Related Core Works:
While Jay wrote the smallest number of the Federalist Papers, his influence and influences are especially worthy of mention. He was the first Chief Justice of the Supreme Court, served as President of the Continental Congress during and after the Revolutionary War, and became the Governor of New York. Distinctively among the founders, he was an outspoken critic of slavery and was responsible for the 1799 act that would eventually, some years later, emancipate slaves and prohibit slavery in New York.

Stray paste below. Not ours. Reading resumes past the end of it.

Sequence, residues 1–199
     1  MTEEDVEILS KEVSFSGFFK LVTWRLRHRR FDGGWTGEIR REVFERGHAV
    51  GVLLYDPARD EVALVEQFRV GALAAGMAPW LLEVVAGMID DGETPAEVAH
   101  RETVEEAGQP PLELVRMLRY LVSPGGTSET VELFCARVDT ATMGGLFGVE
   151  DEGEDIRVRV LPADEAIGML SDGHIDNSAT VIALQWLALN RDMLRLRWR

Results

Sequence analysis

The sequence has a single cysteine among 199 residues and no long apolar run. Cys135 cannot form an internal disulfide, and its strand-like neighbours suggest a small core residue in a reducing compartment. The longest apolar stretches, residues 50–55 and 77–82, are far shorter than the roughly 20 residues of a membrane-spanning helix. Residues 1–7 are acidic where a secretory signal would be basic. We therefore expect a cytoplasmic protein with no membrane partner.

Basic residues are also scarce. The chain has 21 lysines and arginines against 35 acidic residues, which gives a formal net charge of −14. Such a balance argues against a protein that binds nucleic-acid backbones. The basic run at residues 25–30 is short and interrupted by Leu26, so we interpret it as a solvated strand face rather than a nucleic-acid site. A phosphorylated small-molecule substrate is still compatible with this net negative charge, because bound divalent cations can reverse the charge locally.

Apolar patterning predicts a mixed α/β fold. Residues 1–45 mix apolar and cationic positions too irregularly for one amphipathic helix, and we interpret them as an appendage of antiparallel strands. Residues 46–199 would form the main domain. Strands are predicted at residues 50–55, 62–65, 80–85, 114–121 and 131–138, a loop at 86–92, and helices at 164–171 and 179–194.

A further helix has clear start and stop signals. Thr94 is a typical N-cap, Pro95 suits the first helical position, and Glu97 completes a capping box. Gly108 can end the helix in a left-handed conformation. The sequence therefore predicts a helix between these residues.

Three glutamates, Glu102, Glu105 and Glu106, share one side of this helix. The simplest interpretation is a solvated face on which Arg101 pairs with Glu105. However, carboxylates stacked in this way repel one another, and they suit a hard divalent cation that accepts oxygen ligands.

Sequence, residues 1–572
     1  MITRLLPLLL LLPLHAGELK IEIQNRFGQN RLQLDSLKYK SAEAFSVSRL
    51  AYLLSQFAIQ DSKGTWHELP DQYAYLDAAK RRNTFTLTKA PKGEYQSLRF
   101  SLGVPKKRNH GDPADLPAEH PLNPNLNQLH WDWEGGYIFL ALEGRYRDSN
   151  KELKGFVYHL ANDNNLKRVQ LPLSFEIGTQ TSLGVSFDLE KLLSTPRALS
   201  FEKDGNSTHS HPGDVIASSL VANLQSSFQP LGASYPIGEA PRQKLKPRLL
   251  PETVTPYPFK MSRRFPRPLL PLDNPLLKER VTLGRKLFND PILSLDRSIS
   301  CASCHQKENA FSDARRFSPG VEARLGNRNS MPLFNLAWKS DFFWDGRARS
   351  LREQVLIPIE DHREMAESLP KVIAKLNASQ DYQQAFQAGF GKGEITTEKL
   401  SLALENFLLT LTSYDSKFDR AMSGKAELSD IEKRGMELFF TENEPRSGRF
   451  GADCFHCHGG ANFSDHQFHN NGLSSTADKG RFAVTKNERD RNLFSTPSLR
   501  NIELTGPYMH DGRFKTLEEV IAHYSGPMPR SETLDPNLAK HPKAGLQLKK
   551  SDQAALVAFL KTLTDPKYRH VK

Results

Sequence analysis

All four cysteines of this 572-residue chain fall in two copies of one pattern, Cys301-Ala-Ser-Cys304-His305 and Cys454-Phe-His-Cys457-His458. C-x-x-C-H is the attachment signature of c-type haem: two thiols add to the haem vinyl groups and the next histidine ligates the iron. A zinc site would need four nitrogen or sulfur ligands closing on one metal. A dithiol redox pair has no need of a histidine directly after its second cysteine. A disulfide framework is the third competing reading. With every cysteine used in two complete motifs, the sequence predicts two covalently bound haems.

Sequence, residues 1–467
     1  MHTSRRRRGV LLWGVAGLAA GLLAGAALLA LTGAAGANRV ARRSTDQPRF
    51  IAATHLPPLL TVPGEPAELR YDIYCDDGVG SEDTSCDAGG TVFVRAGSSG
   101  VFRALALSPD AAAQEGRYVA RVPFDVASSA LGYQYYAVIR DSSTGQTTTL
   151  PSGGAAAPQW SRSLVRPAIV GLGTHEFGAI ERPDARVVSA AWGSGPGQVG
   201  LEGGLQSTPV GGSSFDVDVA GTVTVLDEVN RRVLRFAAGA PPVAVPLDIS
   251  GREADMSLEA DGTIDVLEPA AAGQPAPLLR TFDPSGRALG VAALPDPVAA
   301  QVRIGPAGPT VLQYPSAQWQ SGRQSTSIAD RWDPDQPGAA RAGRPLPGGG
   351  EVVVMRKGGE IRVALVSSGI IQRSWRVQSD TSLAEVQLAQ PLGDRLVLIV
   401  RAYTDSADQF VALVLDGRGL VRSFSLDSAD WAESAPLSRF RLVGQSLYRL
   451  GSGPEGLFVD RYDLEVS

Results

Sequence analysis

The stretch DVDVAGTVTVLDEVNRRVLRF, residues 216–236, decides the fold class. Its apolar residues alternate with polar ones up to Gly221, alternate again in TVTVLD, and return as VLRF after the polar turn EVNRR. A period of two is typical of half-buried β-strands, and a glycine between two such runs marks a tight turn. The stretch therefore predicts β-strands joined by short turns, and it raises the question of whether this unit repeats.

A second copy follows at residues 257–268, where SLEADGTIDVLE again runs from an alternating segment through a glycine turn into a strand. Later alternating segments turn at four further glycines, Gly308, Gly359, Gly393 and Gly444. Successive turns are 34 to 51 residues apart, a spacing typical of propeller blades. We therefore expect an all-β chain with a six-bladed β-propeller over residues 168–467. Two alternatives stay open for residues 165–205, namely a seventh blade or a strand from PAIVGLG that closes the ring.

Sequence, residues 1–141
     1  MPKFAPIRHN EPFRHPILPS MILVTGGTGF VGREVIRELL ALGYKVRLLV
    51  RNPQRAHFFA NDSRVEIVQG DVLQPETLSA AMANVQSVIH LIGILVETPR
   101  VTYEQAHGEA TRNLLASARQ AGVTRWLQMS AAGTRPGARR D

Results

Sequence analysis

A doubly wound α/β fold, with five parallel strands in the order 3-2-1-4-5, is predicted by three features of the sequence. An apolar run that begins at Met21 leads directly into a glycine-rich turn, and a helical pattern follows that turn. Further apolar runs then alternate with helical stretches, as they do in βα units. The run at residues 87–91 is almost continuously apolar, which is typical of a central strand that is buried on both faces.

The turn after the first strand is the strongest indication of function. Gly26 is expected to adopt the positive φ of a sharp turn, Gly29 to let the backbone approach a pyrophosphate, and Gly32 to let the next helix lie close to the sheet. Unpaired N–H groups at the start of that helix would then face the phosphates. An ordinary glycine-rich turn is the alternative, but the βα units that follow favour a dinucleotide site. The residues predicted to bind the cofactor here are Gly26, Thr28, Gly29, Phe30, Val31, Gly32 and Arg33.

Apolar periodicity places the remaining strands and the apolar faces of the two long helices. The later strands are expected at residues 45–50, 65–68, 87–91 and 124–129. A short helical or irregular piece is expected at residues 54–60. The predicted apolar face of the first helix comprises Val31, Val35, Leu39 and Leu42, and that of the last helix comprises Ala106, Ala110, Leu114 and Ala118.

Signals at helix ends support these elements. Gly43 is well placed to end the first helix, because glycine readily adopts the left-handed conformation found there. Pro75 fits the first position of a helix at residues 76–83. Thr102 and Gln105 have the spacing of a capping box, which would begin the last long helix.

Jay was born, like the many of the founders to a wealthy and well-positioned family. After private tutoring, in 1760 he became a student at King’s College (now Columbia College.) In 1789 he became the first Chief Justice of the Supreme Court. While the early Court spent most of its time on procedure and building the institution, some of the cases the Jay Court decided are important in terms of building the grounds for judicial review. He retired from politics in 1801 and spent his remaining years as a farmer in Rye, NY. He died in 1829.
Seth David Halvorson, Department of Philosophy, Columbia University
Alan Brinkley, The Unfinished Nation, 6th Edition